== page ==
– Place currant, sugar and lemon juice in a saucepan, simmer for about 10 minutes until thickened, puree until smooth
– Place the fish on a plate and serve the sauce in a small dish next to it. Finished. Enjoy.

And this is what the dish may look like:

Sea-bass

Beautiful roe

The side dishes came also from the same cooking book. They were sweat onions (six different kinds of onions) and artichokes in vinegar with herbs.

The sweat onions

Artichokes

The wine we had with the food was not Shakespearean. Instead, we had a very simple wine with it, a ‘Frascati superiore’ from Rione. Ever since we lived in Rome about 20 years ago, I love the young white wines from Frascati,especially on hot days, the wines are refreshing and uplifting. It was a good complement to the “heavy” Shakespearean food.


Les Ormes de Cambras – Merlot from France

May 9, 2010

I grabbed the bottle from the supermarket shelve. Just like that. Again, I liked the label. This time a traditional one, with some trees, an alley. Later I learned that they were elm trees. I also liked the price, below 450 Bath (about 11 EURO) which is cheap for Thai conditions. That of course also meant that this wine was a “cheap” one, considered the many import duties and the exorbitantly high Thai alcohol taxes.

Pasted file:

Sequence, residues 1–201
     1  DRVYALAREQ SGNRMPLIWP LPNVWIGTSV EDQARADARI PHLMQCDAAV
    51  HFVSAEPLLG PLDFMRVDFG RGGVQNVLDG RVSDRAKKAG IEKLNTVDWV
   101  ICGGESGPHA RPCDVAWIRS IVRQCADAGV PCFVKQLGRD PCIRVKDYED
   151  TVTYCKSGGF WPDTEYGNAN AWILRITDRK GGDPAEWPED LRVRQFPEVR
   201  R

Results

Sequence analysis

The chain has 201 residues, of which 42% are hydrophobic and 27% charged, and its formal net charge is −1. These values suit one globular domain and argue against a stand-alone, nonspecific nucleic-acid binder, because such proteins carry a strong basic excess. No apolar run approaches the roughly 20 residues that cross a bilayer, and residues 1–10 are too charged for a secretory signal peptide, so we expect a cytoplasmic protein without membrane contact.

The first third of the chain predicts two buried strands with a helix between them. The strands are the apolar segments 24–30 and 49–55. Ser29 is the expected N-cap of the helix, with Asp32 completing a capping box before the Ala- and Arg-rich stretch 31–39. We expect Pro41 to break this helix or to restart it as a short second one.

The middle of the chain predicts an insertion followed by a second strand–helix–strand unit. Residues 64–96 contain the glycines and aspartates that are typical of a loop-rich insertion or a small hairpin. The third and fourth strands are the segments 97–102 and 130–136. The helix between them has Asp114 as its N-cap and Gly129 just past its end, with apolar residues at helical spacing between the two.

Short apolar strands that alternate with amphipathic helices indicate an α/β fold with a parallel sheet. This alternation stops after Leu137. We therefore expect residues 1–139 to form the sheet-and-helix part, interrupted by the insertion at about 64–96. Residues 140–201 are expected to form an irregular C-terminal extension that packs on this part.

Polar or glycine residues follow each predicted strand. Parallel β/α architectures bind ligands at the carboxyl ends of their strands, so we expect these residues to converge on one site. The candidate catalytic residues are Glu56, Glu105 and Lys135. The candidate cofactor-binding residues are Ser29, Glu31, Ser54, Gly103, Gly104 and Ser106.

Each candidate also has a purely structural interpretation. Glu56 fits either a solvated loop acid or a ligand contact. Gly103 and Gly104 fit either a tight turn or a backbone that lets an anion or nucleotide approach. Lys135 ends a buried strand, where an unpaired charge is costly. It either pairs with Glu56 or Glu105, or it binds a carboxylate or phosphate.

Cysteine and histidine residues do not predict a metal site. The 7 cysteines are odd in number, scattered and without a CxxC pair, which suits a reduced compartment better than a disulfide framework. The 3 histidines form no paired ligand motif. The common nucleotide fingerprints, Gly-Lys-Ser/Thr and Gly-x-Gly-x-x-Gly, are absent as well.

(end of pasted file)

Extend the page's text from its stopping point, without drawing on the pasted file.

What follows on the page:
‘Les Ormes de Cambras Merlot’, the wine is called (2008 vintage). It’s alcohol content is quite low (12.5%), the colour is a beautiful dark red. Since we produce Merlot ourselves, I am often intrigued to buy other peoples Merlot to see what it is like.

The website of Les Ormes de Cambras told me that the Merlot could be had for 2.30 EURO/bottle in France if you also buy the three other wines produced by this enterprise (a Cabernet Sauvignon, a Sauvignon Blanc and a Cinsault).

2.3 versus 11 EURO for the bottle. I wonder how much the producer of the wine gets from this? What is his profit? 20 cents? 30 cents?

Since the website does not say anything about a vineyard, I assume this is a mass wine of industrial dimensions. But it tasted much nicer than expected. I might consider to get some more bottles.

‘2008 Les Ormes de Cambras Merlot’, Vin de pays d’Oc, France

We always have food with our wine. It was a light dinner, just the celery salad with olives, carrots, peppers and garlic and some self-baked white bread. Delicious, and so healthy.

The Merlot was sufficiently well balanced, not heavy, a fruity almost elegant wine which went well with the salad.

A salad for dinner

The celery salad

By the way, Les Ormes de Cambras is located near the city of Béziers in Languedoc in the South-west of France.